California has given Waymo approval to transport passengers on public roads in a fleet of self-driving vehicles. Waymo is the autonomous drive research and development unit that’s part of Alphabet Inc., parent company to Google.
- Waymo takes another important step toward self-driving vehicle development.
- California is the second state to allow Waymo to transport people in its fleet of autonomous cars.
- An engineer must still be seated in the driver’s seat and be ready to take control of the vehicle.
The California Public Utilities Commission has granted approval to Waymo’s application to not just test self-drive vehicle on public roads, but to be able to transport passengers in them, too. As reported by TechCrunch, this marks an important step in the Silicon Valley-based company’s efforts to use autonomous vehicles on public roads, and California is only the second state to rubber-stamp Waymo’s efforts to do so.
What this doesn’t mean is that hoards of human-free vehicles will suddenly start shuttling people all over the Golden State. The approval allows Waymo to join a small group of companies granted access to participate in the state’s Autonomous Vehicle Pilot Program. The other contributing firms – Zoox, Autox, and Pony.ai – are small start-ups specializing in self-drive technology.
Under the rules of this agreement, Waymo is also not allowed to charge for rides, and the company must provide its rideshare data to state authorities if they request it. This has sometimes proven to be a tough pill to swallow for auto companies and tech firms, who are spending many millions of dollars in the race to develop autonomous drive systems. Handing over data, and a potential edge on the competition, can risk these massive investments of time and money. On the other hand, safety advocates want to ensure self-drive research does not come at the expense of unsafe roads, or unproven technology.
In a written response to TechCrunch, a Waymo spokesperson provided some insight into the company’s approach to its upcoming self-drive program in California. “The CPUC allows us to participate in their pilot program, giving Waymo employees the ability to hail our vehicles and bring guests on rides within our South Bay territory,” wrote the Waymo spokesperson. The statement also compared this opportunity to that of Waymo One, a fledgling rideshare service based in the Phoenix metro area.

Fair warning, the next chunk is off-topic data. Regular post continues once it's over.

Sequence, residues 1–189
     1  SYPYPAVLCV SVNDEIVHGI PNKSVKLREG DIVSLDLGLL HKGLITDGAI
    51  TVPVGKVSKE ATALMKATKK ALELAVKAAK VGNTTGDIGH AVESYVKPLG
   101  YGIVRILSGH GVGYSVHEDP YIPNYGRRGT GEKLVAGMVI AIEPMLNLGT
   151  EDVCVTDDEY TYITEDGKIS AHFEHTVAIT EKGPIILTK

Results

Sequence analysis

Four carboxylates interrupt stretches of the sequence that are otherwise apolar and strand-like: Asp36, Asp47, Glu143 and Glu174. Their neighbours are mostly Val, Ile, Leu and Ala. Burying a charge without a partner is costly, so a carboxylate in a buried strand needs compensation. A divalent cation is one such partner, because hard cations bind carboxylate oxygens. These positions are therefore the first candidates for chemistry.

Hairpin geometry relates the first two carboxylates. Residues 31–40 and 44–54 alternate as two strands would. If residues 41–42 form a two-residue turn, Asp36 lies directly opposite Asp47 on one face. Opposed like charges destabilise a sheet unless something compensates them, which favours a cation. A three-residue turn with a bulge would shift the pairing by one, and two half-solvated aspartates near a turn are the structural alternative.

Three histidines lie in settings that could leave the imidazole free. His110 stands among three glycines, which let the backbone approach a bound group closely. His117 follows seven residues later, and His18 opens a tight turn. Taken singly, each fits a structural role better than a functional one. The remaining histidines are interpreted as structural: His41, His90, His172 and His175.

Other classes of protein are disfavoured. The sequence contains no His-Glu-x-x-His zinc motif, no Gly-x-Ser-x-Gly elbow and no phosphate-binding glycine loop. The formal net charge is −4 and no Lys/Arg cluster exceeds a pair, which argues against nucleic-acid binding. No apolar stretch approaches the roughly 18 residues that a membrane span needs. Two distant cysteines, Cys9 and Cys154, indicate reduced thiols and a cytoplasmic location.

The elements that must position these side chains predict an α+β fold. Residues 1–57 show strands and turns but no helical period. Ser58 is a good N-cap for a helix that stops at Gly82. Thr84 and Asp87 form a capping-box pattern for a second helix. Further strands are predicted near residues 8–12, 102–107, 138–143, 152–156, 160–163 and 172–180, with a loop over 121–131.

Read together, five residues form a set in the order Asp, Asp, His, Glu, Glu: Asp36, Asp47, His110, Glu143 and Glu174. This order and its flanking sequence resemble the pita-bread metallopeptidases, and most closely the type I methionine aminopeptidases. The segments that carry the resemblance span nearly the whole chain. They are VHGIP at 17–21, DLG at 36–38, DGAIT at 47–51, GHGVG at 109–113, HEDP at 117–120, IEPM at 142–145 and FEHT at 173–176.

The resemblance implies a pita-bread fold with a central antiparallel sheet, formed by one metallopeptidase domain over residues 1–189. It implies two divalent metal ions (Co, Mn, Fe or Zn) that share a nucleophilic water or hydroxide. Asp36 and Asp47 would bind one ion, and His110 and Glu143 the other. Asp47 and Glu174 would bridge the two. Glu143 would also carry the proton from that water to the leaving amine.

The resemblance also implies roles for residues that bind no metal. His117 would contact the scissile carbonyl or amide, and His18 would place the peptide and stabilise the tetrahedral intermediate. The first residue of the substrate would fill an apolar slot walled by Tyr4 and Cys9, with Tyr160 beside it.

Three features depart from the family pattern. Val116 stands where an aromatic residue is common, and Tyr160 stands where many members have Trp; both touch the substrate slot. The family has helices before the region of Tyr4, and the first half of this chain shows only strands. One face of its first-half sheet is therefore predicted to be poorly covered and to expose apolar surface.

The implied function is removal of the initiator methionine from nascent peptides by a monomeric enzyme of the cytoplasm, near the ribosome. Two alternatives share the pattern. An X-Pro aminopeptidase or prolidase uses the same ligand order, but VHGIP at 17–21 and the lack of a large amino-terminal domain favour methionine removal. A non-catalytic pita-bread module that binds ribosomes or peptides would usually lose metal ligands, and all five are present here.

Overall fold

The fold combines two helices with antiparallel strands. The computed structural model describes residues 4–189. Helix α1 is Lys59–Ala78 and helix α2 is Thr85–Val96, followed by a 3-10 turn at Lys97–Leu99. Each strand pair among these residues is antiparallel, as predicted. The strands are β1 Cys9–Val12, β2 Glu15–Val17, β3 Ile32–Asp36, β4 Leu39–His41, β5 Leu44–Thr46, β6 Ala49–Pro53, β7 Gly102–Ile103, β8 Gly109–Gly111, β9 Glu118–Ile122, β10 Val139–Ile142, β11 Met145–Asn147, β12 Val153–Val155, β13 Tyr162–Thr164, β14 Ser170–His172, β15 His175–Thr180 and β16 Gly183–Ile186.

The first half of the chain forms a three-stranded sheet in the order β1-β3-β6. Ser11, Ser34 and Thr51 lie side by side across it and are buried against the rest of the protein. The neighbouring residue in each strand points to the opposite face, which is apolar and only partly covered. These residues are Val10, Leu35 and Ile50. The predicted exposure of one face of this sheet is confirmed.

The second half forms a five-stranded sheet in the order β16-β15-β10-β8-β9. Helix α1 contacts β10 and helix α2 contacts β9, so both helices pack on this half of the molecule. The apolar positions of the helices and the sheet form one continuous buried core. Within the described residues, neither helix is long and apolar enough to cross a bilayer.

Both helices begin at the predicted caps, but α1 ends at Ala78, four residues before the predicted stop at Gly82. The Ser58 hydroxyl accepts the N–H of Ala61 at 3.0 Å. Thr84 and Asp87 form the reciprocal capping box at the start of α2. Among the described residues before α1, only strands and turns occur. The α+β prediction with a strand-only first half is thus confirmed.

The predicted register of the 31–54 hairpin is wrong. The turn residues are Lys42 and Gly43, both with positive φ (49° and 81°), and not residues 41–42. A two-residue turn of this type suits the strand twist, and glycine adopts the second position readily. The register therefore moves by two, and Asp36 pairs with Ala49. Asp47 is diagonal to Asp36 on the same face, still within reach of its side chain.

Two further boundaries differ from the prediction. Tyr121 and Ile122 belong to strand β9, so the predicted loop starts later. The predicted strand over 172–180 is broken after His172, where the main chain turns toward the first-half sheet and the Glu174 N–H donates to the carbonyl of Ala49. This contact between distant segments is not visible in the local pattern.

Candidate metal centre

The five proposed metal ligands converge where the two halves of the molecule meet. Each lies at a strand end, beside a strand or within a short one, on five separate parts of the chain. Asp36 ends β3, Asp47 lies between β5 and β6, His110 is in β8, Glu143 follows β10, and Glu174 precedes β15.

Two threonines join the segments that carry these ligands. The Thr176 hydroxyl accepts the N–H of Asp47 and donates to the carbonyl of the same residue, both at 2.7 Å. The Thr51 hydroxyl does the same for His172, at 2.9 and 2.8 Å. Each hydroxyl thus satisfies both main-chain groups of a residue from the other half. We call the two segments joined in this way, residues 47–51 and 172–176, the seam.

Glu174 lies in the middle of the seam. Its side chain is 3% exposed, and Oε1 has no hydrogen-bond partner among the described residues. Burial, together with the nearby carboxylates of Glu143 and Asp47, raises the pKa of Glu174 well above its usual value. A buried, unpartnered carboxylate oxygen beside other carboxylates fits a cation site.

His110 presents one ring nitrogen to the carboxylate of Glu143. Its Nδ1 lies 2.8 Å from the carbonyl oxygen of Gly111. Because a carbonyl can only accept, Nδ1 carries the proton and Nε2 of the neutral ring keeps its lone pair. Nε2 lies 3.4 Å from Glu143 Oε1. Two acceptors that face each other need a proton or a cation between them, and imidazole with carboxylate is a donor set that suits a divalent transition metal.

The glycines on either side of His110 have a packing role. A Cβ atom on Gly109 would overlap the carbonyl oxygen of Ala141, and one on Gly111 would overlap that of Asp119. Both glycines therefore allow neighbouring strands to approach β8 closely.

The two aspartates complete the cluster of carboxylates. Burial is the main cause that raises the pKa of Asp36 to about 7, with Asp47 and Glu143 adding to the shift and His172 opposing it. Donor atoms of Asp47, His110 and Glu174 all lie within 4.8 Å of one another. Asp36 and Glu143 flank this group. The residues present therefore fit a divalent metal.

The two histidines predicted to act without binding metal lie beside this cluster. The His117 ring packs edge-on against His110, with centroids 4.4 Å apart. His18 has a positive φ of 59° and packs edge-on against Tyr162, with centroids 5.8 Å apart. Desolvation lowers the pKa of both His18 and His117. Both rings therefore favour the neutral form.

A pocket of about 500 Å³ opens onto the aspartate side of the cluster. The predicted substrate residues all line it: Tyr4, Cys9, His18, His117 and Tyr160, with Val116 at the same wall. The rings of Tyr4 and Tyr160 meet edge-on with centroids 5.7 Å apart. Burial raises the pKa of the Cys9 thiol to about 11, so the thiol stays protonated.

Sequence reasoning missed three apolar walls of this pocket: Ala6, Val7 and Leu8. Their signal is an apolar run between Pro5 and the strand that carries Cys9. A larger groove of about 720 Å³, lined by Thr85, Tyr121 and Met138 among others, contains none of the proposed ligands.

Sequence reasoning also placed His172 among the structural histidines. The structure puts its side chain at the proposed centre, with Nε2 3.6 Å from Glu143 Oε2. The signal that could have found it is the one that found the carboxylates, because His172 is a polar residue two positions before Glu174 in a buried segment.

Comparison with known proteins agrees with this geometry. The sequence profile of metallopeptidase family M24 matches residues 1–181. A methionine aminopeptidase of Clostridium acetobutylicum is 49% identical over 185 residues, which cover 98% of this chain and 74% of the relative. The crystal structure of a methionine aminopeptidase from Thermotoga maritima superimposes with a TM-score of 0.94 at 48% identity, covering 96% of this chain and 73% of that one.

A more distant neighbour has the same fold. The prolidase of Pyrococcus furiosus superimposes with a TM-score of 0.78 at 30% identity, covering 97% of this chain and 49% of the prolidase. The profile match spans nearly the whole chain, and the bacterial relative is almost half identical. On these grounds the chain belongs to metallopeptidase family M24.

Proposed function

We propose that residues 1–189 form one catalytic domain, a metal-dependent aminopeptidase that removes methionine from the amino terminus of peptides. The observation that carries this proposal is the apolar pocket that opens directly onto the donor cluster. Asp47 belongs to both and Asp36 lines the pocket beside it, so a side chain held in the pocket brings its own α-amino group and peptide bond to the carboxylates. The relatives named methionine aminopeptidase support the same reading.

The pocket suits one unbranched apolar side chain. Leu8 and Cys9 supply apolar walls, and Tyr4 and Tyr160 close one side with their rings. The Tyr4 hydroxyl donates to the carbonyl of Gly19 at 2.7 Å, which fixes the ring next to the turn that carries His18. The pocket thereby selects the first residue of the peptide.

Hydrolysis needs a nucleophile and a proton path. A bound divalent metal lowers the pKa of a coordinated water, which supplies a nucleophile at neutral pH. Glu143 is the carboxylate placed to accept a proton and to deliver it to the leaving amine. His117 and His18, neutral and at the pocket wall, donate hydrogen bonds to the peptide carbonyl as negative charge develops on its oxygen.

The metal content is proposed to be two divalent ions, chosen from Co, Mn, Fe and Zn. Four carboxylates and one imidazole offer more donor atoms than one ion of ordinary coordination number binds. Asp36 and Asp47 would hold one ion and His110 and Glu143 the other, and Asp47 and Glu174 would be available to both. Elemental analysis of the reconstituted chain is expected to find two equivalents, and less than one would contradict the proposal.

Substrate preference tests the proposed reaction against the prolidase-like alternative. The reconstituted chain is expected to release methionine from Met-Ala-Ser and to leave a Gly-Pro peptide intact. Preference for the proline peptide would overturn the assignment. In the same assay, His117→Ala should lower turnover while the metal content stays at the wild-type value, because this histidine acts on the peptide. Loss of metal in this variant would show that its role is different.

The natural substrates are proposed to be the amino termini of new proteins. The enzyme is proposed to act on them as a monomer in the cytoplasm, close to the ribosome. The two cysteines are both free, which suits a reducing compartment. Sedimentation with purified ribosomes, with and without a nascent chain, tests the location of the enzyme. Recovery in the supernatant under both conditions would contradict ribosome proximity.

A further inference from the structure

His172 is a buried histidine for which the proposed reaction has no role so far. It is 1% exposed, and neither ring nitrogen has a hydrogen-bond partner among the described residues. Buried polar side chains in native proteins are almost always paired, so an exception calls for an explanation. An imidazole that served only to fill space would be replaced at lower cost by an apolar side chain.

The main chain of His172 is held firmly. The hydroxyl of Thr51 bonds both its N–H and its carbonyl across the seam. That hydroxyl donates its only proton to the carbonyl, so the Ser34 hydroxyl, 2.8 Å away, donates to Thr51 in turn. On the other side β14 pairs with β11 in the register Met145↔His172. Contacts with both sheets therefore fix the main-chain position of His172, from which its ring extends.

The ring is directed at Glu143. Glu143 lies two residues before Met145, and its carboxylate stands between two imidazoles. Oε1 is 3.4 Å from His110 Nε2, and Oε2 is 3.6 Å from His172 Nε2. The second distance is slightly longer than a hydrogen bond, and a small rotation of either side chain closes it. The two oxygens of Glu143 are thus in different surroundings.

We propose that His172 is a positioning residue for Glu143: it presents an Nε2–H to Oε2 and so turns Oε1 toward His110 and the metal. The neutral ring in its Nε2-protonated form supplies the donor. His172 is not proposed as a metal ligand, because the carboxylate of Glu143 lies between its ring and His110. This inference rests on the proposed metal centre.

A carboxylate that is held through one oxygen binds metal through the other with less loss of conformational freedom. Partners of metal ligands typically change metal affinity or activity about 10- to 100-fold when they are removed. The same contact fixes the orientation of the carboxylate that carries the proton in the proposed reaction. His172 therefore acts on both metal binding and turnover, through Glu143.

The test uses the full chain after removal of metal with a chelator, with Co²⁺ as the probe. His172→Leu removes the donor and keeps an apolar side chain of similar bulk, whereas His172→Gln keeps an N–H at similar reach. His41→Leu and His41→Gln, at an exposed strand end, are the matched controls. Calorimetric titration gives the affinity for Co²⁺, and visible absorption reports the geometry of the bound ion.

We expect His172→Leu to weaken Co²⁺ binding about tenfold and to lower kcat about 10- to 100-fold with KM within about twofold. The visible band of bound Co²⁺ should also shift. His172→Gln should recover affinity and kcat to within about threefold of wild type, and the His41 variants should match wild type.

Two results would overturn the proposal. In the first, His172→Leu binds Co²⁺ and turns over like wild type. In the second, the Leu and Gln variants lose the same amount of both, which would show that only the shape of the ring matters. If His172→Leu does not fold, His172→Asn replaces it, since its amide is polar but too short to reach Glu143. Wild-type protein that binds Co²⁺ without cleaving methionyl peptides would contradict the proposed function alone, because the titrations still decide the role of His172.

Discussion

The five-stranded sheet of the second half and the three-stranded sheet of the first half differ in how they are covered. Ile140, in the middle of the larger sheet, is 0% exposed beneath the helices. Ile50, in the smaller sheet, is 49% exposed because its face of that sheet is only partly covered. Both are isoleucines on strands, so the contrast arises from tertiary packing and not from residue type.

Using a smartphone app, a Waymo One user hails a vehicle much like they would with conventional rideshares like Uber or Lyft. The car, one of a fleet of white-painted Chrysler Pacifica minivans with sensors mounted on its roof, then arrives and shuttles the passenger to their chosen destination. Sounds simple, but there are a couple of quirks.
To start, all rides must be within Waymo’s geo-fenced limits in the Phoenix area. Users also must apply online and wait for permission to join the program. This also holds true with Waymo’s Early Rider Program, which operates similarly but doesn’t charge fees.
A Waymo spokesperson confirmed the Early Rider Program – which also operates in Phoenix – currently has “hundreds” of users. It will continue to run parallel to Waymo One, which is the larger of the two programs with 1,000 participants.
Waymo One users are also allowed to bring friends and family along for the ride. And in case you’re traveling solo, but aren’t quite ready for a human-free taxi experience, a Waymo safety engineer is still seated behind the steering wheel, in case the vehicle can’t cope with a driving situation.
WHY THIS MATTERS
Playing by the rules might not make for splashy headlines about a driver-less future, but Waymo’s slow and steady course is giving it a strong advantage in the push towards mainstream self-drive vehicles and human-free rideshares.